Alphabet Soup: Cobit, ITIL and ISO

Expert says ITIL plays well with others

Cape Town, South Africa-based Gary Hardy is coauthor of "Aligning Cobit, ITIL and ISO 17799 for Business Benefit: A Management Summary," which was jointly published by the IT Governance Institute and the U.K. Office of Government Commerce (the "owners" of ITIL). Hardy is an adviser to both the IT Governance Institute and the Information Systems Audit and Control Association (ISACA), having been a member of the latter for more than 25 years.

CSO: How do Cobit and ITIL differ?

Gary Hardy: Cobit [control objectives for information and related technology], which as of November 2005 is now in its fourth release, is a high-level set of objectives with management and assurance tools for overall IT governance. People call it a standard, but it isn't: It's a framework—and, like ITIL, a set of best practices. ITIL, on the other hand, is mostly focused on service delivery and service management, and on the delivery of IT services in terms of the processes that should be followed. In plain English, people say that Cobit is what you should do, and ITIL is how you should go about doing it—accepting that ITIL has a narrower scope.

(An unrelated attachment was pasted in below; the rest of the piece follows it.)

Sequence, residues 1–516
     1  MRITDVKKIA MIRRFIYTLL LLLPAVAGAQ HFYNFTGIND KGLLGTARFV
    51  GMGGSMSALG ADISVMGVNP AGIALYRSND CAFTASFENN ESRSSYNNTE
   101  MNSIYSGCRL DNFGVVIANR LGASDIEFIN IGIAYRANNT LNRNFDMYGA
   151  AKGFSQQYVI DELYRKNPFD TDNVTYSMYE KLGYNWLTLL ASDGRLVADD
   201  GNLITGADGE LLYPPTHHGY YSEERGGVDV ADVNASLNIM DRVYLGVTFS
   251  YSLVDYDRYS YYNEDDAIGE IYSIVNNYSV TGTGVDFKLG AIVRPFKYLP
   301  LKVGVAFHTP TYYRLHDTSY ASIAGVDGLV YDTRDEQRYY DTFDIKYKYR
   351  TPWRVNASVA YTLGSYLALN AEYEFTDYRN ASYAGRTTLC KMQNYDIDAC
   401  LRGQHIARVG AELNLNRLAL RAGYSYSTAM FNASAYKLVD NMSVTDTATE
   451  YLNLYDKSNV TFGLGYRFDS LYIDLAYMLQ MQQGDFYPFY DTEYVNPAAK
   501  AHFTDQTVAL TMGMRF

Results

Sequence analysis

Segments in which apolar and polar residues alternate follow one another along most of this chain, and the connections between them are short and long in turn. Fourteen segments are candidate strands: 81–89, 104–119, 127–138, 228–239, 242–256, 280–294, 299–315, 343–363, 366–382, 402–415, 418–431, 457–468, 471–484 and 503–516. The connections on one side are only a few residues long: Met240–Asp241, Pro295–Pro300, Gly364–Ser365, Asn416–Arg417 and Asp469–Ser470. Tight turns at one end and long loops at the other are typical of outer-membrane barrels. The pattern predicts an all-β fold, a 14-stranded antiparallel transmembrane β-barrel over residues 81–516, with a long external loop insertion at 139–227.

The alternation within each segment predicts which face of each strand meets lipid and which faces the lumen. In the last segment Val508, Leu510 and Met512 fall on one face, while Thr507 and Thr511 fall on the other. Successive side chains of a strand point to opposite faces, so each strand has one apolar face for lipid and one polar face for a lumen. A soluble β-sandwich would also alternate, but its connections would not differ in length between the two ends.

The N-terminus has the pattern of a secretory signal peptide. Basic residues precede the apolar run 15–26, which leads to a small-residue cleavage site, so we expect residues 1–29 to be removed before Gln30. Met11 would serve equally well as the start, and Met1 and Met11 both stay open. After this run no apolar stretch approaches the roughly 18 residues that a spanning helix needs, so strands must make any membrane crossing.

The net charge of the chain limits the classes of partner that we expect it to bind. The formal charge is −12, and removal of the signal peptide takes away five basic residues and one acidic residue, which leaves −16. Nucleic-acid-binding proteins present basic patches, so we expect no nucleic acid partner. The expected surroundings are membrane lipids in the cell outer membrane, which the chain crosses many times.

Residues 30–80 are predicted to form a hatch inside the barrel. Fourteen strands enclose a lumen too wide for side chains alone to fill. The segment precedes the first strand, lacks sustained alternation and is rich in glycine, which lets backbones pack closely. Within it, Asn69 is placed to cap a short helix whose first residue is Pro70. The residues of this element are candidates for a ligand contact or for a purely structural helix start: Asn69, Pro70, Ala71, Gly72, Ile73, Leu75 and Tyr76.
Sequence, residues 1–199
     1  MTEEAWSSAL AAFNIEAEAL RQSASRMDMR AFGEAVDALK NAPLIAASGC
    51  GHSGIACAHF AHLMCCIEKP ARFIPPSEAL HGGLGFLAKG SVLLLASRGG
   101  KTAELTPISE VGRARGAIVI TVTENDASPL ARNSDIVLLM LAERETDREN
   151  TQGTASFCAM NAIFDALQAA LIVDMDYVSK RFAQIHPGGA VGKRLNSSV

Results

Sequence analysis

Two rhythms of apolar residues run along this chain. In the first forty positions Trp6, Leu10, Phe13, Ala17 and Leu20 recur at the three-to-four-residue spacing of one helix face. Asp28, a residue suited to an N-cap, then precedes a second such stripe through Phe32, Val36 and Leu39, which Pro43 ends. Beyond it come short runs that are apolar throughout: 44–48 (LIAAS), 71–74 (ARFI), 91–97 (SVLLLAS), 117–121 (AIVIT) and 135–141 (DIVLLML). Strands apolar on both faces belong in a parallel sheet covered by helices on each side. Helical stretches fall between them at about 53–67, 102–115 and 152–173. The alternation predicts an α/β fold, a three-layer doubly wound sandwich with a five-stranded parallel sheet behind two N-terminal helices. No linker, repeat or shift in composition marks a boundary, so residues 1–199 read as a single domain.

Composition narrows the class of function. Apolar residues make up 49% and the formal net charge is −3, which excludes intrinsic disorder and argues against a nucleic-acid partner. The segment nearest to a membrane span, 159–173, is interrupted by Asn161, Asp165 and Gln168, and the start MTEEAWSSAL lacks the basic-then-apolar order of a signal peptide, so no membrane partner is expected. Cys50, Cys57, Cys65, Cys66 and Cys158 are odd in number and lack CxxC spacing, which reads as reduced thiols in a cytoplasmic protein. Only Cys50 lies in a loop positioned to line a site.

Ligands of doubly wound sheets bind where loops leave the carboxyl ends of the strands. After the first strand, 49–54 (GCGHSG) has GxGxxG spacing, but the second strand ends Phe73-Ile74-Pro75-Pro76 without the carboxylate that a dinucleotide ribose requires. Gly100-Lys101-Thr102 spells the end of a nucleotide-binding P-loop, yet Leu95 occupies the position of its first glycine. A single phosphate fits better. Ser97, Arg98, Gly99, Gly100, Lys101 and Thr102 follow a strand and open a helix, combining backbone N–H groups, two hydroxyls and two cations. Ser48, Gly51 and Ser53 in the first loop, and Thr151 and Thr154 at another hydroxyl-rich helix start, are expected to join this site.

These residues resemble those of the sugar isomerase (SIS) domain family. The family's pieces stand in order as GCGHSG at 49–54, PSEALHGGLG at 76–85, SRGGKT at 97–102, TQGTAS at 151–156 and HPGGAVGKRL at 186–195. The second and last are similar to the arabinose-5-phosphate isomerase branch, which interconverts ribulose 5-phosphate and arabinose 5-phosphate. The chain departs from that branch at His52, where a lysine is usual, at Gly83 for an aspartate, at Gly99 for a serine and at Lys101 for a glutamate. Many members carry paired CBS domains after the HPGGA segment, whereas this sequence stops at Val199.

How would you describe ITIL's approach to security issues?

ITIL talks about security, but mostly in the context of service delivery. Frankly, security isn't really what ITIL is focused on, it's not its core strength, and it's not what people go to ITIL for.

And Cobit?

Cobit has always been security-oriented, and at a high level sets out what should be done about security—the things that security should focus on, in other words. It provides a set of objectives and guiding principles. More recently, a "Cobit security baseline" has supplemented this—it's an assessment tool, freely downloadable from ISACA (www.isaca.org).

Copyright © 2006 IDG Communications, Inc.

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